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Development of Functional Fluorescent Molecular Probes for the Detection of Biological Substances.

Suzuki Y, Yokoyama K - Biosensors (Basel) (2015)

Bottom Line: This review is confined to sensors that use fluorescence to transmit biochemical information.Fluorescence is, by far, the most frequently exploited phenomenon for chemical sensors and biosensors.To achieve selective (bio)molecular recognition based on these fluorescence phenomena, various fluorescent elements such as small organic molecules, enzymes, antibodies, and oligonucleotides have been designed and synthesized over the past decades.

View Article: PubMed Central - PubMed

Affiliation: Health Research Institute, National Institute of Advanced Industrial Science and Technology (AIST), Central 6, 1-1-1 Higashi, Tsukuba 305-8566, Japan. suzuki-yoshio@aist.go.jp.

ABSTRACT
This review is confined to sensors that use fluorescence to transmit biochemical information. Fluorescence is, by far, the most frequently exploited phenomenon for chemical sensors and biosensors. Parameters that define the application of such sensors include intensity, decay time, anisotropy, quenching efficiency, and luminescence energy transfer. To achieve selective (bio)molecular recognition based on these fluorescence phenomena, various fluorescent elements such as small organic molecules, enzymes, antibodies, and oligonucleotides have been designed and synthesized over the past decades. This review describes the immense variety of fluorescent probes that have been designed for the recognitions of ions, small and large molecules, and their biological applications in terms of intracellular fluorescent imaging techniques.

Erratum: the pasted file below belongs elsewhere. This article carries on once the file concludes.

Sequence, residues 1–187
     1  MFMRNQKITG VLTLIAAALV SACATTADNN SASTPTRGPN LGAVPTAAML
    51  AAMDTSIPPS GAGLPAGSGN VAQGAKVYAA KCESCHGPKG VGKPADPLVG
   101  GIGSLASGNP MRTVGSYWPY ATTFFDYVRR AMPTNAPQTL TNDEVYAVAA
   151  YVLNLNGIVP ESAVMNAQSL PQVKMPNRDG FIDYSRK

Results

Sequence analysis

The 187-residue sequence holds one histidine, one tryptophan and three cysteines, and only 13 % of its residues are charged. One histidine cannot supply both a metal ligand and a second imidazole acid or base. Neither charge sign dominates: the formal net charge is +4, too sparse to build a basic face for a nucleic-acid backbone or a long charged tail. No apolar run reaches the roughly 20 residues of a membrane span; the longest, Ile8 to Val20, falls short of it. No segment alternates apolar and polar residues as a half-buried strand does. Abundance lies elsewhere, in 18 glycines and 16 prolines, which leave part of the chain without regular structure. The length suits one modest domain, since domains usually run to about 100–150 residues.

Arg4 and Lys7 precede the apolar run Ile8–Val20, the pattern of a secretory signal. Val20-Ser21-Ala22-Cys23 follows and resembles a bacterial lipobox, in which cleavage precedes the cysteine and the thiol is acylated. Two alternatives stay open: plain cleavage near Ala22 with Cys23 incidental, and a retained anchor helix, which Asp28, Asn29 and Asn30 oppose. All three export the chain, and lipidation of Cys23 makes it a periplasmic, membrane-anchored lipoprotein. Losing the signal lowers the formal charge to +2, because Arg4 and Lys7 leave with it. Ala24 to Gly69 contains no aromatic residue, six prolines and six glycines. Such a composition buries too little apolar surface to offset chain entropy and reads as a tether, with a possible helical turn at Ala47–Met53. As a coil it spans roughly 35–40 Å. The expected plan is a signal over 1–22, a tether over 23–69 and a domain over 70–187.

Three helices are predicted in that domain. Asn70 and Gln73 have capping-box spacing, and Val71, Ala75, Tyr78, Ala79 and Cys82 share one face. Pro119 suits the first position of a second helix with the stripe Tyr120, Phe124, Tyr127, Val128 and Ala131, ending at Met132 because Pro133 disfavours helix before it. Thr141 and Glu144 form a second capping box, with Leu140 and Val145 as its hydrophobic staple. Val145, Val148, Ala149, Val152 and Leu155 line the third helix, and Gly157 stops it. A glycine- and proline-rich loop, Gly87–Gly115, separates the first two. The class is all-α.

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Chemical structure of fluorescent probe for the detection of protein.
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biosensors-05-00337-f014: Chemical structure of fluorescent probe for the detection of protein.